Embry-Riddle Receives NASA Grant to Inspire Space Exploration

Dr. Kaela Martin standing beside a NASA space suit
Photo: Dr. Kaela Martin

Established to inspire and educate the next generation of space explorers, NASA’s Artemis Student Challenge recently awarded a grant to Embry-Riddle Aeronautical University to help train astronauts to travel to the Moon and beyond.

“NASA is committed to landing American astronauts, including the first woman and the next man, on the Moon by 2024,” according to NASA. “Through the Agency’s Artemis lunar exploration program, we will use innovative new technologies and systems to explore more of the Moon than ever before. We will collaborate with our commercial and international partners to establish sustainable missions by 2028. And then we will use what we learn on and around the Moon to take the next giant leap – sending astronauts to Mars.”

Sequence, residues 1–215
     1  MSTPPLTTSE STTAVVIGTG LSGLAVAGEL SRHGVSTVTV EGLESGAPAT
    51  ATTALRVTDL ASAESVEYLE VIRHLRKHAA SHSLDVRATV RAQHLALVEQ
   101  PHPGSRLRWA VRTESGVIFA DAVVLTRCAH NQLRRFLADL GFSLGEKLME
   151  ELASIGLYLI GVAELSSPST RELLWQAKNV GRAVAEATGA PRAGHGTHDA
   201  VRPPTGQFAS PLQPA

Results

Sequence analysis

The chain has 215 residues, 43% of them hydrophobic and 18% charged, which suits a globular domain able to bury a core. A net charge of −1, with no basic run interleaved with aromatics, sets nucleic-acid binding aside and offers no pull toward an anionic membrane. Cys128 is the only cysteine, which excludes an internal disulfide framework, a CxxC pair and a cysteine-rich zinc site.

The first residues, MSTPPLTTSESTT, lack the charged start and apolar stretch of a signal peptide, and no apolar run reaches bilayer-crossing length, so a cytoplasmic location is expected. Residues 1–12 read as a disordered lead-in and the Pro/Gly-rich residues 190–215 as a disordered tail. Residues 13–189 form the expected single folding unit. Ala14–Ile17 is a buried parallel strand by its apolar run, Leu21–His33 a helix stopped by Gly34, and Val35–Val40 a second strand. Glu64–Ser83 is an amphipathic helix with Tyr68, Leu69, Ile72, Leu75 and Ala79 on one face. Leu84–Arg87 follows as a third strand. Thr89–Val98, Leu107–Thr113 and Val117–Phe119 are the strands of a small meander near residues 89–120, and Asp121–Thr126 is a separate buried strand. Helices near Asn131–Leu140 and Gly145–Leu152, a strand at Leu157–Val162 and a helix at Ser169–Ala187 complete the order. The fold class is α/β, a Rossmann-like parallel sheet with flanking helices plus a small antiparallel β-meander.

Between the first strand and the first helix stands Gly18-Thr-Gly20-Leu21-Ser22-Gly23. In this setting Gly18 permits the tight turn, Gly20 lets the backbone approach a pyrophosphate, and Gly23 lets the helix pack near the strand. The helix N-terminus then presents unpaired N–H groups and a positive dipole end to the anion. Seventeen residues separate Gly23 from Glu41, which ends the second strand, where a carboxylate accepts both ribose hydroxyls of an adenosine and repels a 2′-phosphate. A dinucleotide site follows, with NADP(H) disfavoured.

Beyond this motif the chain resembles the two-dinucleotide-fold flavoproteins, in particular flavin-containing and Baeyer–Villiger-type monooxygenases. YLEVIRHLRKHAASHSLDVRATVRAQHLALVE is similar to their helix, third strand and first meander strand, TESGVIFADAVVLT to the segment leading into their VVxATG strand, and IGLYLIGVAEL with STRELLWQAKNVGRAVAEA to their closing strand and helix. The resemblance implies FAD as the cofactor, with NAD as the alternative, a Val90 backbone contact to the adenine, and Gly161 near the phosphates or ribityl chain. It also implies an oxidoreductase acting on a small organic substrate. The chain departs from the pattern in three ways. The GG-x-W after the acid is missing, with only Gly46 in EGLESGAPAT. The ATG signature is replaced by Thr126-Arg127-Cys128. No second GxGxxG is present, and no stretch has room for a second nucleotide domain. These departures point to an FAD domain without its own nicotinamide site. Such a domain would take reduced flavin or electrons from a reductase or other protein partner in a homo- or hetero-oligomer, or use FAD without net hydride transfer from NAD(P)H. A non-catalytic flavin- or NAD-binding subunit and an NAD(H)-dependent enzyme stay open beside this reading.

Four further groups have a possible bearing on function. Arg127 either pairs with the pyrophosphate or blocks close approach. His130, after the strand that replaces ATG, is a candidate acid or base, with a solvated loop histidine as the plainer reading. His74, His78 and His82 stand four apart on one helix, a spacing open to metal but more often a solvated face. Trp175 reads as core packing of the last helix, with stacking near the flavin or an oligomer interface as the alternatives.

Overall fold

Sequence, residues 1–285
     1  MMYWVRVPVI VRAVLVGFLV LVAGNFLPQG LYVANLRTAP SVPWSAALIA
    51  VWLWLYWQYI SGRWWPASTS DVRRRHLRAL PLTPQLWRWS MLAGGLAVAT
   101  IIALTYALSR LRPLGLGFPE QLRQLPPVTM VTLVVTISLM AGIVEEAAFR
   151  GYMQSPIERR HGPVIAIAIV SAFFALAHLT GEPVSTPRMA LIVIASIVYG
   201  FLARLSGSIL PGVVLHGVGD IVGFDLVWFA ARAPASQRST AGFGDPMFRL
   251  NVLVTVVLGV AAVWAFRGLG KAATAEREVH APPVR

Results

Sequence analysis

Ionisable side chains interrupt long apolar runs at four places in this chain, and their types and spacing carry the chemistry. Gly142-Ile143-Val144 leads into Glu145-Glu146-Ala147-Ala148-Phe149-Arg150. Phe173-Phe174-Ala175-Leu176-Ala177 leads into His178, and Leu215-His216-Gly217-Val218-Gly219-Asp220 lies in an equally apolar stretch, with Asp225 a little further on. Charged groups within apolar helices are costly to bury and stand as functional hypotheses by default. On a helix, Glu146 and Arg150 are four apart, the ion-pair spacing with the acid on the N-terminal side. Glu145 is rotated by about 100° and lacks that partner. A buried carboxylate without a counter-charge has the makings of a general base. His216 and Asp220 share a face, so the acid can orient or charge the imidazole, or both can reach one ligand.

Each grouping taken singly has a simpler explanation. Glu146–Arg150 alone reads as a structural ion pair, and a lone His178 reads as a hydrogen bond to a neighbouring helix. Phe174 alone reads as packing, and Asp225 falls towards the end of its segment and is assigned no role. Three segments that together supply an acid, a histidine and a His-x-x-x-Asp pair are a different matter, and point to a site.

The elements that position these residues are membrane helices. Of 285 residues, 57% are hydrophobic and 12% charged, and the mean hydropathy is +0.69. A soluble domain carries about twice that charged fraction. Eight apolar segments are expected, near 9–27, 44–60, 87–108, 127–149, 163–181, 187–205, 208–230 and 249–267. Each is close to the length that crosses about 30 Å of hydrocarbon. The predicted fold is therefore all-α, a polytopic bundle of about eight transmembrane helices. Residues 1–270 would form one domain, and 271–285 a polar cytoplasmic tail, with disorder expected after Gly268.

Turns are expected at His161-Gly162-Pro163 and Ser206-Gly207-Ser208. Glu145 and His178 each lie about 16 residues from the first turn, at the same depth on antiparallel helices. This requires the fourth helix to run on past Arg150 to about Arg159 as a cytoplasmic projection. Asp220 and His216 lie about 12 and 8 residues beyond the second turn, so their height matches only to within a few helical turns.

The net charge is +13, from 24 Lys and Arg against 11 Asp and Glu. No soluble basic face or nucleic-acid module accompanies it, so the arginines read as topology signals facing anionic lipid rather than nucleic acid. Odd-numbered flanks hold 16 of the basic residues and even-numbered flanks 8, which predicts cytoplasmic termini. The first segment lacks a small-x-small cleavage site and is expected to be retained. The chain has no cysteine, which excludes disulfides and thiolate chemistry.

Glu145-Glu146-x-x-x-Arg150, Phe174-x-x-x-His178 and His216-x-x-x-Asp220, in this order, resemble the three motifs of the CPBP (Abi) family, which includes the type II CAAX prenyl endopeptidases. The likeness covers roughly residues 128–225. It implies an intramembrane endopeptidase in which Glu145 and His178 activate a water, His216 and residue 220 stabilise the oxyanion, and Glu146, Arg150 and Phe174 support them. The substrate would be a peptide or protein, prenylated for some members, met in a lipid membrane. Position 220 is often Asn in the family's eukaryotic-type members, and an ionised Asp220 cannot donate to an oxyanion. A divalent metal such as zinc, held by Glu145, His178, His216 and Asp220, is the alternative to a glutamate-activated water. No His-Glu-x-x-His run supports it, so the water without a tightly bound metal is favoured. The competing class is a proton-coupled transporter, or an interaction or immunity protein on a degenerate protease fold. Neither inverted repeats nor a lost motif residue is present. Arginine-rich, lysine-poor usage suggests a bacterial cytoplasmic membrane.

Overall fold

Dr. Kaela Martin, associate professor of Aerospace Engineering at Embry-Riddle’s Prescott Campus, led the charge in securing the grant.

“I was really drawn to the piece of creating educational content for students across the globe to help them better understand and design trajectories to get humans to the Moon,” she said.

Collaborating with Auburn University and Bucknell University, the grant will be used to create online self-study modules on trajectory design and mission analysis — content that is typically beyond a normal three-credit undergraduate class for the subject. These modules would then be available to students and instructors worldwide.

“Students who ultimately access the materials will better understand the difficulties of getting a spacecraft to the Moon and the complex world that we live in,” added Martin.

Learn more about Embry-Riddle’s top-ranked Aerospace Engineering program online.

Posted In: Space